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article imageReview: 'The Grand Budapest Hotel' is worth checking into Special

By Kristal Cooper     Mar 14, 2014 in Entertainment
You can always tell a Wes Anderson film a mile away. His kooky alternate universe take on real world issues is often polarizing for viewers who either love to retreat into his fairy tale-like yarns or who just can't tolerate his very singular vision.
The Grand Budapest Hotel, a film that turns the Anderson aesthetic up to 11, will be no exception, although its slapstick-y adventure story framework may prove to be more accessible for the unconverted even despite the fact that the film boasts a much darker edge than any of the filmmaker's previous works.
Told to the audience as a story within a story within yet another a story, the action takes place in and around a world-renowned hotel in the fictional Central European nation of Zubrowka. It's 1932 and war is brewing. A swarthy young refugee named Zero (Tony Revolori) takes a job as a lobby boy under the tutelage of Monsieur Gustave (Ralph Fiennes), the hotel's chief concierge and the reason that the hotel is famous for its superlative service — especially amongst lonely, monied older women.
When one of those women, a widowed octogenarian named Madame D (Tilda Swinton), mysteriously dies shortly after her final visit to the Grand Budapest, Gustave and Zero head to the funeral only to find out that the wealthy socialite has left Gustave a famously valuable work of art called Boy With Apple. This enrages Madame D's blowhard son Dmitri (Adrien Brody) and thus begins an elaborate madcap tale peppered with murder, mayhem, chicanery and romance all played out as the winds of war blow ominously through Europe.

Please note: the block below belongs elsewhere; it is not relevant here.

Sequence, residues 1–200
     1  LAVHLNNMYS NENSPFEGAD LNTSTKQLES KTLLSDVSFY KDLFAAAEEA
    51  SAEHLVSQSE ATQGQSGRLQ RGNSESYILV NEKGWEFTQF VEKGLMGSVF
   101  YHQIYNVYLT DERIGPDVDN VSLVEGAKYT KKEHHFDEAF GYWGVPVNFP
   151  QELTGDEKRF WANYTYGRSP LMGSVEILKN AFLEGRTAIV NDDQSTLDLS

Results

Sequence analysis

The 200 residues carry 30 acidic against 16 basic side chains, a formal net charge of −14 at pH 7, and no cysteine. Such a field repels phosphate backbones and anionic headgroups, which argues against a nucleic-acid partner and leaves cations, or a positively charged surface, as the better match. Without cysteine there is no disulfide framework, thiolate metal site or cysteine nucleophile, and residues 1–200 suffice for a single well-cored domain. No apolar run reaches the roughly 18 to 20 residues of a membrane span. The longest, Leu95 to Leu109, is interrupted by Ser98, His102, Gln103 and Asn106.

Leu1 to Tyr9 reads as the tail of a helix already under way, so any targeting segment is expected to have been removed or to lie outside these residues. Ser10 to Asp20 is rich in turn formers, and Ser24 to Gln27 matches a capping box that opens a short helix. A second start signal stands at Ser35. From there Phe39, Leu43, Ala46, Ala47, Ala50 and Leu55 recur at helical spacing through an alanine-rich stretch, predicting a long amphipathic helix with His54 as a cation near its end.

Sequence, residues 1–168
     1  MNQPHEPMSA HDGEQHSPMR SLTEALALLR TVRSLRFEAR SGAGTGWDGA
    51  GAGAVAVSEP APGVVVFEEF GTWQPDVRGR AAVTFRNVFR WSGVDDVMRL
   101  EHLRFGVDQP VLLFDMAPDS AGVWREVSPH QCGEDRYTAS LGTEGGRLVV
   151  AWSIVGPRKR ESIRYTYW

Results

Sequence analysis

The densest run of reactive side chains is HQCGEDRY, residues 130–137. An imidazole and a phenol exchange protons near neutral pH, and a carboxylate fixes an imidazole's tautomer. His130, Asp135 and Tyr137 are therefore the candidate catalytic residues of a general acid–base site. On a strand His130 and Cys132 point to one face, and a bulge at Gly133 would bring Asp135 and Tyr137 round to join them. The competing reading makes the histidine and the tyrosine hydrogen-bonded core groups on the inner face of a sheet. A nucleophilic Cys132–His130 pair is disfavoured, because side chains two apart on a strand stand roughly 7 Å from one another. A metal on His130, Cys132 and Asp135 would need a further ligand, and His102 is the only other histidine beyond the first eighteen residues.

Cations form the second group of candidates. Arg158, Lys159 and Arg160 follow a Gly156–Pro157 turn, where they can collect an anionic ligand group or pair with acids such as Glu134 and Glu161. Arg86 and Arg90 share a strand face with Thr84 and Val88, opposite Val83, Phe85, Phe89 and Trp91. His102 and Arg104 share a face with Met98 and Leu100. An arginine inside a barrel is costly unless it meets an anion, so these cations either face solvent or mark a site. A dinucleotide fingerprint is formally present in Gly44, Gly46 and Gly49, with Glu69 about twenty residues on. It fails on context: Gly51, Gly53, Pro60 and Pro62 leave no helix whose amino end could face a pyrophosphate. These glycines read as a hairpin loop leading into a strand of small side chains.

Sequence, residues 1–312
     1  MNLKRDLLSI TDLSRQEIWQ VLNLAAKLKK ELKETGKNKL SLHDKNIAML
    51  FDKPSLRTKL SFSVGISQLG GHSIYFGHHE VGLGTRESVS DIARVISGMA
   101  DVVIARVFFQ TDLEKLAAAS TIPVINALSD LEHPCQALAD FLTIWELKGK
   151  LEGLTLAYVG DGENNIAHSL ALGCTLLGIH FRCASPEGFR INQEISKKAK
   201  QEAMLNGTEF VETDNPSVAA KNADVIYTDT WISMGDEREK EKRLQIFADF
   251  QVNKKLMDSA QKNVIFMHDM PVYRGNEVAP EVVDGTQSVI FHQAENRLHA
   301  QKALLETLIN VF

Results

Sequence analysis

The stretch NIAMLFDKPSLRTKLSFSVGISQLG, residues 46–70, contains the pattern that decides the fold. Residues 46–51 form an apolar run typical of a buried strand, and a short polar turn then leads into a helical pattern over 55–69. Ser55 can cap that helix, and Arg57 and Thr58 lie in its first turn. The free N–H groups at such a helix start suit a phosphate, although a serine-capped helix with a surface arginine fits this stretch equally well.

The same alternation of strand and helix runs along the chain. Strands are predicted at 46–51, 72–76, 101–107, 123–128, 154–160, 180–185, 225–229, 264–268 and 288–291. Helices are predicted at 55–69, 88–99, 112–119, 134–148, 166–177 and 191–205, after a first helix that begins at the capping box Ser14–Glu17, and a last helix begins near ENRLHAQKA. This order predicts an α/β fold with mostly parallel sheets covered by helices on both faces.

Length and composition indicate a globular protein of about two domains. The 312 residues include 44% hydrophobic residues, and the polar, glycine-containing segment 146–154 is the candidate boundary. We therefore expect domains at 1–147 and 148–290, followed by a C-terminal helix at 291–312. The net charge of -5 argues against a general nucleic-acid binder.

The Grand Budapest Hotel is the type of film that can be enjoyed on several different levels. First and foremost, it's a rip-roaring story peopled with Anderson's stable of reliable performers (Edward Norton, Bill Murray, Jason Schwartzman, Jeff Goldblum, and Willem Dafoe to name just a few) who navigate his funhouse with ease and humour. Second and perhaps most importantly, the film makes a subtle but pointed comment on Nazi-occupied Europe and the toll that dangerous ideologies can take on daily life. In fact, the film's allusions to the seizure of property and artworks throughout Europe by Nazis (although not really the Nazis, this is Wes Anderson's reality remember) is far more affecting and disturbing than George Clooney's film The Monuments Men, which focused solely on that subject matter and treated it in a much more serious manner.
It's just these sort of layers and nuances that make The Grand Budapest Hotel ideal for multiple viewings and ultimately worth rushing out to the theatre this weekend — without reservation.
The Grand Budapest Hotel opens on March 14, 2014
Follow Kristal Cooper on Twitter @mskristalcooper
More about the grand budapest hotel, wes anderson, Ralph fiennes, Bill murray, Willem Dafoe
 
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